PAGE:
Stop Hiring Poor-Performing Salespeople

Nobody deliberately sets out to hire salespeople who can’t or won’t perform. But it happens, and it happens more that you might expect. In fact, in my view it happens far too often.

I’ve certainly done my share of hiring what I thought was going to be a real barn burner, only to discover that he or she couldn’t start a BBQ, even an electric one!

In one of my earlier articles,  Luck is Not a Hiring Tool, I pointed out that most of us would have had just as good a hiring record if we had simply flipped a coin instead of taking all that time sifting through resumes, interviewing, etc.

Improving the Odds
Nowadays, 50/50 odds are simply not good enough. We need a way to improve the odds. Using a sales assessment tool is one of the things that can help. Another way is to understand the three main reasons why the next salesperson you hire is likely to be a poor performer.

Let’s explore these three pitfalls.

Reason #1: Can’t Sell
Sometimes the only thing some salespeople can sell is themselves and they’re good at doing it. These folks will sell you on hiring them by telling you what you want to hear and what they will do for you and your company.

They are charming, likeable, outgoing, pleasant folks, with a genuine affinity for people. They get along well with others. These are the people whose grade school report card always had the notation from the teacher reading, "plays well with others."

They’re often good talkers, and that’s the problem. Too much talk, too little results.

Because these people are so likeable, once you hire them you’ll find it hard to cut your losses and let them go. Before it’s over, you’ll probably end up investing too much time and money trying to get results.

Chances are you may already have one or two of them on your sales team now.

These people have their place but if you need sales results, choose someone else.

Reason #2: Wrong Sales Environment
Then there’s the salesperson who has great credentials and a good track record but in another field. Beware! Just because the person was successful selling in another field doesn’t necessarily mean he’ll work out well in your sales environment. That’s because not every salesperson is good at selling everything.

The key for both the potential employer (you) and the salesperson is to realize that there are differences in selling environments and to know who fits where. Once you’ve done that, you have a better fit between the person and the position which improves the odds of making a successful hire.

Here are a few examples of what I mean:

The gal who’s great at selling tangible products may fail miserably when forced to sell intangibles and vice versa. It’s simply not her bag. It’s a person to position mismatch.

The guy who is great at making cold calls and opening new accounts may be poor at developing long-term relationships and getting more business from existing accounts. Yet another example of the wrong person for the position (or is it the right person in the wrong job)!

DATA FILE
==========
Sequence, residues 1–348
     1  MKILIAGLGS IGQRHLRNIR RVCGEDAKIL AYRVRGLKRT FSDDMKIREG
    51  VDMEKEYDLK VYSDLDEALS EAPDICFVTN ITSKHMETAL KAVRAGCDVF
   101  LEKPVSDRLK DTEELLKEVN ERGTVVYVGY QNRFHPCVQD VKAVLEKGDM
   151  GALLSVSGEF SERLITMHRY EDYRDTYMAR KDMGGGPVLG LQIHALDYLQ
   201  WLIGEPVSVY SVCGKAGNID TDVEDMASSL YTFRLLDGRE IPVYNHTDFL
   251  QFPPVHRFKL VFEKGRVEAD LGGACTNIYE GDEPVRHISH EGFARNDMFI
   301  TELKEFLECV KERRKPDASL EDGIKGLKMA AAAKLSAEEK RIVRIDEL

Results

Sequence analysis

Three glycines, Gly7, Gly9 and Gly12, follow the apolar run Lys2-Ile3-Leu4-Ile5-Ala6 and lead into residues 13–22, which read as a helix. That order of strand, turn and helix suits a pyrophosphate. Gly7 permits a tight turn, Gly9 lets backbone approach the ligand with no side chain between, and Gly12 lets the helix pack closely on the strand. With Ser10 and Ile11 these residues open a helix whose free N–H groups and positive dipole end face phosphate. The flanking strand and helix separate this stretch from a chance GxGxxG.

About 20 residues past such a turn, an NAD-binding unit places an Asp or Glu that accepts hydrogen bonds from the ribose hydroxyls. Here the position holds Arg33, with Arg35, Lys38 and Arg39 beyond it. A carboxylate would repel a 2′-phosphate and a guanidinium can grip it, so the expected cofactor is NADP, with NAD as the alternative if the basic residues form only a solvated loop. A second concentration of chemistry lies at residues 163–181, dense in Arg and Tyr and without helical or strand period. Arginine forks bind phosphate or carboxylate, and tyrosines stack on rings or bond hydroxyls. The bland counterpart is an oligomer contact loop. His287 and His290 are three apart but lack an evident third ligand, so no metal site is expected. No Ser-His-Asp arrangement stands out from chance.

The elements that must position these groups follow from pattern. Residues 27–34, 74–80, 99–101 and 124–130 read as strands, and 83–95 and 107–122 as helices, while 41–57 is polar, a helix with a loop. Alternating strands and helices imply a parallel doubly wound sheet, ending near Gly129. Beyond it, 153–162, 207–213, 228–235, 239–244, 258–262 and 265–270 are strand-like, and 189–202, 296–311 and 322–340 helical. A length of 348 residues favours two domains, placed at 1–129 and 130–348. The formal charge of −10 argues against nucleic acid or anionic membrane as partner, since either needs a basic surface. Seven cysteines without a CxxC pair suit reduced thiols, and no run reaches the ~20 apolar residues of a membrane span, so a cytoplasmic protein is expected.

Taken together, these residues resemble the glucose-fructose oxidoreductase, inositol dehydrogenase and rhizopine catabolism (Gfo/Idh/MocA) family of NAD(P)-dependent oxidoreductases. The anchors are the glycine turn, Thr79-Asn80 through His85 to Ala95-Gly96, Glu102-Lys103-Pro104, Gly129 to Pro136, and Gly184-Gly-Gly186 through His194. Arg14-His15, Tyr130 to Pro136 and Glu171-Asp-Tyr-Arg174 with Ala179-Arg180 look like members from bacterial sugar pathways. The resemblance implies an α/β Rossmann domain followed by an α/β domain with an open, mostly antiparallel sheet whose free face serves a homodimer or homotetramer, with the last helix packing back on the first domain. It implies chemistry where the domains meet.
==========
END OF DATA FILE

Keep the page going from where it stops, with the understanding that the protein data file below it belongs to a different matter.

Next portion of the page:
And then there’s the gal who’s loved by her existing customers but can’t find new business for love or money.

That’s because these people are in the wrong sales environment, selling the wrong things. You’ve got a square peg in a round hole and trying to pound a square, or oval, peg into a round hole damages both the peg and the hole.

A good  sales assessment test will help you identify the square (and oval) pegs.

Reason #3: Won’t Sell
Finally there are the people who simply shouldn’t be in sales at all but they get hired anyway. What usually happens is the sales manager is desperate to fill a sales position and this person has come along. It’s a matter of the wrong person being in the wrong place at the wrong time.

They are like a fish out of water. They flop around gasping for breath until they either die or move on. Even with proper training, these people will succeed only by forcing themselves to do the job. And you know how well that works. Selling is hard enough when you enjoy it!

No matter what training, coaching, and support you provide to these people, they just don’t seem to get it. They try hard but will never really get out of the starting block despite all your efforts.

Left alone, these people usually survive about a year before moving along to another unsuspecting company. In the meantime, you’ve been picking up the tab for their compensation, expenses, and lost potential business.

Any hiring tool that will help you identify these people before you hire them is worth exploring.

Been There, Done That
If you’re a bit long in the tooth like me or have had too much sales management experience, you can probably think back over your previous hires and identify people who fall into one of the three reasons we hire poor performers. I certainly can.

Bottom Line
There is no need to buy the "I Hired a Dud" t-shirt. Save your money and spend it on something that will help you make better hires. That way you’ll build even stronger sales teams. What’s more… your bottom line will thank you.

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